DOI: 10.3390/w15162920 ISSN:

A New Tool for Mapping Water Yield in Cold Alpine Regions

Linlin Zhao, Rensheng Chen, Yong Yang, Guohua Liu, Xiqiang Wang
  • Water Science and Technology
  • Aquatic Science
  • Geography, Planning and Development
  • Biochemistry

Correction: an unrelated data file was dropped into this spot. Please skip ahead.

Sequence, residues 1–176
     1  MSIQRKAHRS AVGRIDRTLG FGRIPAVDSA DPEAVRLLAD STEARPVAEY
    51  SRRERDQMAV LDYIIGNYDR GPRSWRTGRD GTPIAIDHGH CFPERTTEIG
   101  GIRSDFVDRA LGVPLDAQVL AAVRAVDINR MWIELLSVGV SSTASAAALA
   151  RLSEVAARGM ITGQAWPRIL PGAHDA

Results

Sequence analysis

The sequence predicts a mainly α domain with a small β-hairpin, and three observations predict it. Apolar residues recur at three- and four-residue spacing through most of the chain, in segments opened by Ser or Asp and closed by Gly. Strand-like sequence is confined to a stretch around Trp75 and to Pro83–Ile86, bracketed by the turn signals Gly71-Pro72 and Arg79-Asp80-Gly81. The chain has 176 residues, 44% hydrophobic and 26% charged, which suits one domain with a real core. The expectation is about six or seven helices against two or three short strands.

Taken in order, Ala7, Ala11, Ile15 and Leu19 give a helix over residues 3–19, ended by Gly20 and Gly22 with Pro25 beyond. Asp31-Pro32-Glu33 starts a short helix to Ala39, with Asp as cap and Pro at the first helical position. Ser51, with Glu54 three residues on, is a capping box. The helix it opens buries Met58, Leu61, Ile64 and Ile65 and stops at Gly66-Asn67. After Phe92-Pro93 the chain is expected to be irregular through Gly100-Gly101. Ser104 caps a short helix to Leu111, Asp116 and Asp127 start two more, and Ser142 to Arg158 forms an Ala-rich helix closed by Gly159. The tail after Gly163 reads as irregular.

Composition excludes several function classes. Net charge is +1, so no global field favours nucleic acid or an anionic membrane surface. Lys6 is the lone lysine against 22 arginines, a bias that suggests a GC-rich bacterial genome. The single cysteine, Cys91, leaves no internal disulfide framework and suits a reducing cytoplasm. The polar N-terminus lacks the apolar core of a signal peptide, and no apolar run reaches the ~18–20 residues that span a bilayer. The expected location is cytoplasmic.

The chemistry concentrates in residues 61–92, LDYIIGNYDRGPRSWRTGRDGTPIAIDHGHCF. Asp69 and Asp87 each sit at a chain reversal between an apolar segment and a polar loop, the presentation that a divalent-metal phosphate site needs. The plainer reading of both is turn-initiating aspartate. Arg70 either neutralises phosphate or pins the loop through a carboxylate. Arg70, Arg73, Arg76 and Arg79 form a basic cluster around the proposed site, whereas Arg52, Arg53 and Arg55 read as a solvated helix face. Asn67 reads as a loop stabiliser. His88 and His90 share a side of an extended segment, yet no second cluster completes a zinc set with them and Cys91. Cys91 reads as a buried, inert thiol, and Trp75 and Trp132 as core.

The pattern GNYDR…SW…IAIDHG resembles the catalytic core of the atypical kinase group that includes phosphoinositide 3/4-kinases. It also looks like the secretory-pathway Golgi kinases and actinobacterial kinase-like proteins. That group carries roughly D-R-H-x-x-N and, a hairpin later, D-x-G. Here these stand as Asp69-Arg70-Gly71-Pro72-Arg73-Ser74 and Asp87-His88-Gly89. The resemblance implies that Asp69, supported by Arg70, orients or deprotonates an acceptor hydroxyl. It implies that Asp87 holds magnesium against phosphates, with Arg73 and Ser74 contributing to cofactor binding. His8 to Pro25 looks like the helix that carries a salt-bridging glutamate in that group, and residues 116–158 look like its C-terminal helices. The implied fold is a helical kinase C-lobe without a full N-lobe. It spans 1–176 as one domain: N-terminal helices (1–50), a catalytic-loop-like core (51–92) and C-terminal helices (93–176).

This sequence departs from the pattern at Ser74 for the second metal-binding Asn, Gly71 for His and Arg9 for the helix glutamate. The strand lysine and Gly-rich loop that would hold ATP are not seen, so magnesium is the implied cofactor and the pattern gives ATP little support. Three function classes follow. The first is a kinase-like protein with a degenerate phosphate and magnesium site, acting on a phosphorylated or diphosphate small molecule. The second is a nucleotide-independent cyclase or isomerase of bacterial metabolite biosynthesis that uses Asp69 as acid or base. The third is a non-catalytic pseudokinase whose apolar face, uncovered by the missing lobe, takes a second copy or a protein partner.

Watershed management requires reliable information about hydrologic ecosystem services (HESs) to support decision-making. In cold alpine regions, the hydrology regime is largely affected by frozen ground and snow cover. However, existing special models of ecosystem services usually ignore cryosphere elements (such as frozen ground and snow cover) when mapping water yield, which limits their application and promotion in cold alpine regions. By considering the effects of frozen ground and snow cover on water yield, a new version of the Seasonal Water Yield model (SWY) in the Integrated Valuation of Ecosystem Services and Trade-offs (InVEST) was presented and applied in the Three-River Headwaters Region (TRHR) in southeastern Qinghai-Tibetan Plateau (QTP). Our study found that incorporating the effects of frozen ground and snow cover improved model performance. Frozen ground acts as a low permeable layer, reducing water infiltration, while snow cover affects water yield through processes of melting and sublimation. Both of these factors can significantly impact the distribution of spatial and temporal quickflow and baseflow. The annual average baseflow and water yield of the TRHR would be overestimated by 13 mm (47.58 × 108 m3/yr) and 14 mm (51.24 × 108 m3/yr), respectively, if the effect of snow cover on them is not considered. Furthermore, if the effect of frozen ground on water yield were not accounted for, there would be an average of 6 mm of quickflow misestimated as baseflow each year. Our study emphasizes that the effects of frozen ground and snow cover on water yield cannot be ignored, particularly over extended temporal horizons and in the context of climate change. It is crucial to consider their impacts on water resources in cold alpine regions when making water-related decisions. Our study widens the application of the SWY and contributes to water-related decision-making in cold alpine regions.

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